According to Daniel Goleman, in Vital Lies, Simple Truths, (1995, Simon & Schuster), when we avoid thinking about or doing that which makes us anxious, our brains reinforce us with really pleasant chemicals. Thus we have epidemics of procrastination and avoidance.
With this in mind, I've developed several strategies for my avoidant and procrastinating clients. I tell them to:
- Make a list of your favorite avoidance behaviors (computer games, cookies, tv, shopping, addictions, etc.)
Whenever you start thinking of doing the behavior, or actually doing it, ask yourself, "What am I avoiding?"
Think about the avoided thing. Then notice what you're feeling. (Anxiety, frustration, daunted, shame, anger, etc.) Stay with the feeling.
Then, just do it! If you can do it right away, great. If not, make a definite plan for a definite time. Feel the anxiety. And do the deed.
Apply positive reinforcement when it's done. You can use the harmless things on the avoidance list as reinforcers, after the task is complete.
I often use Jim Knipe's subversive Level of Urge to Avoid with the hard-core cases. He has clients think of how good it would feel to do the avoidance behavior, instead of the thing avoided. Then he has them do EMDR bilateral stimulation while they think about avoiding the task. The clients usually start feeling worse and worse. He subverts the "inappropriate positive affect" until they begin to think about doing the task. Then he point the EMDR Standard Protocol at the anxiety tied to doing the task. Then he has people imaginally rehearse doing the task with more EMDR. It works wonderfully. (In "Targeting Positive Affect to Clear the Pain of Unrequited Love, Codependence, Avoidance, and Procrastination". EMDR Solutions: Pathways to Healing. 2005, Norton)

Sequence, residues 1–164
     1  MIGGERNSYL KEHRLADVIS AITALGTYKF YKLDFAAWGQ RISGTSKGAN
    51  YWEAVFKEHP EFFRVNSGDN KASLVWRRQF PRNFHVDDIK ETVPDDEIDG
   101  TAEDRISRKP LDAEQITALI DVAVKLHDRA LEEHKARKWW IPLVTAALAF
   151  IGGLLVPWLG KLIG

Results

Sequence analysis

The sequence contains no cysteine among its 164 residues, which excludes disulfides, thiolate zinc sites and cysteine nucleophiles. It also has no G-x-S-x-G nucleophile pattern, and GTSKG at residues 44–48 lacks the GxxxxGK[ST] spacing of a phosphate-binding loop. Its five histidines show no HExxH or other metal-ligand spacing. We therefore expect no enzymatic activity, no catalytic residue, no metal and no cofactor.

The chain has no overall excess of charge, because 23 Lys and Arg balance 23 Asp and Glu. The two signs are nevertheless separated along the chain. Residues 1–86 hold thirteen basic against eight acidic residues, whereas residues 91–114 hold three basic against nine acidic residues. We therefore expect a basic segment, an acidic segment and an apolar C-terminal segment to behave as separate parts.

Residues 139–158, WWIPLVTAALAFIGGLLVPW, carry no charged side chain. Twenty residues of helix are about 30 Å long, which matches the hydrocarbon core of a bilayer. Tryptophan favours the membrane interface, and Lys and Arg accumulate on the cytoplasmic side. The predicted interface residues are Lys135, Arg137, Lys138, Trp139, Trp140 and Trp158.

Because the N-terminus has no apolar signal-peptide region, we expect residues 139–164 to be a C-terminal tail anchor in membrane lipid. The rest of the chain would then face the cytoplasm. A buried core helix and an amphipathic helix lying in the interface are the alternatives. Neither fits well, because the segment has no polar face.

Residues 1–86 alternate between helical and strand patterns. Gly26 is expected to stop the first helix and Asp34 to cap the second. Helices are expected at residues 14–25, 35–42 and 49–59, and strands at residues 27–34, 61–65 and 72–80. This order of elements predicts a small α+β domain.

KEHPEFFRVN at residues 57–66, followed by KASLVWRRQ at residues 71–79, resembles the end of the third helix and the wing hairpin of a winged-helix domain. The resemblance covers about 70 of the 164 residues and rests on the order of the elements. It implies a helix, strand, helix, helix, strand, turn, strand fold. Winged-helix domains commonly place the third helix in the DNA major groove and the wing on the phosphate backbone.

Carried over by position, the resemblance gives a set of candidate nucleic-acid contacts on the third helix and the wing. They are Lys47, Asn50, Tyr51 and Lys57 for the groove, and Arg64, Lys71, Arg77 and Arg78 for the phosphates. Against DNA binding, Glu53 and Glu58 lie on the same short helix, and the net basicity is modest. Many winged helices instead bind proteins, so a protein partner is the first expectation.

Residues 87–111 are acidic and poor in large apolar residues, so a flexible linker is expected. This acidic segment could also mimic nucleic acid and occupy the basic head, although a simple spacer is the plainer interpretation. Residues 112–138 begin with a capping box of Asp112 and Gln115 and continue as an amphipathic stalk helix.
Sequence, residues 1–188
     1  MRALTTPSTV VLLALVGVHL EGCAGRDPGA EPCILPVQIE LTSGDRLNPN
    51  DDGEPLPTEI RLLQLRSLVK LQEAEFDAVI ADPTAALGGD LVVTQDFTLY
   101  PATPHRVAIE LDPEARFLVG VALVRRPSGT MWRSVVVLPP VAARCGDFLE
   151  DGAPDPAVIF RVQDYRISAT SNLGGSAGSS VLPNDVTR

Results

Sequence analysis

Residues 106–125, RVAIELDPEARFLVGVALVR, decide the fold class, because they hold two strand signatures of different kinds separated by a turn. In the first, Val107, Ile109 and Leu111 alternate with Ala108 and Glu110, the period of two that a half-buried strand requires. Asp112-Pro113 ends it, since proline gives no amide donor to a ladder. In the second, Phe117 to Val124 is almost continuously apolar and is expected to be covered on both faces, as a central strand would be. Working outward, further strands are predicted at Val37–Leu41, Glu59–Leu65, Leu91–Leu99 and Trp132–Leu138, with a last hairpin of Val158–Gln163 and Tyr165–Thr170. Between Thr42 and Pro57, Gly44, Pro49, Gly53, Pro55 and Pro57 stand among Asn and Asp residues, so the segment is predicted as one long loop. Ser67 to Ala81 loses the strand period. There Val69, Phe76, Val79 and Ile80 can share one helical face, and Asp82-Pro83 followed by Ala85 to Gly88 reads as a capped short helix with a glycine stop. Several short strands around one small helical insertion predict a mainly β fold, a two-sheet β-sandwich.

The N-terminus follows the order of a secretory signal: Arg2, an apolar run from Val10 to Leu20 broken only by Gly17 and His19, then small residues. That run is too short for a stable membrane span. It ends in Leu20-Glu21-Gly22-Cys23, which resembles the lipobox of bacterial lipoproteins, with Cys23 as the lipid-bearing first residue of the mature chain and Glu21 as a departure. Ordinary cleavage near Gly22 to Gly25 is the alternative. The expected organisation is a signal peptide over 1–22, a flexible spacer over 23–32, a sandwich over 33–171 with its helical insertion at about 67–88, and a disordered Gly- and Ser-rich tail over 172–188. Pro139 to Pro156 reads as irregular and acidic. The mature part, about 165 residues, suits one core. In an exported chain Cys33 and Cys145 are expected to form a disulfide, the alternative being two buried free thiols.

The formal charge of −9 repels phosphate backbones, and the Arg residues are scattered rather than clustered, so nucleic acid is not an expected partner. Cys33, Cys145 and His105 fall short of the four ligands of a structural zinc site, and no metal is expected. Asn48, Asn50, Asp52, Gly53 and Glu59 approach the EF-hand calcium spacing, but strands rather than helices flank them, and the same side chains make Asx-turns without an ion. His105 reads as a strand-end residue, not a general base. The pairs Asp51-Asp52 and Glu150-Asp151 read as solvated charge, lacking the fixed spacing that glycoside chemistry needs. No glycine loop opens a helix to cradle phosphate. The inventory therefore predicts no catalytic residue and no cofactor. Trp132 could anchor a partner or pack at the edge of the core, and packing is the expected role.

In my mind, avoidance is all about affect tolerance. My most anxious clients have the most affect to avoid, and are the most avoidant. If their anxiety is a 9 on a scale of 10, they have more endorphin payoff for not working on their taxes/confronting their s.o.s/starting project X. If I can get them to feel their distress, and work it through, then they get the deeds done. The more they get done, the less good they feel about avoiding.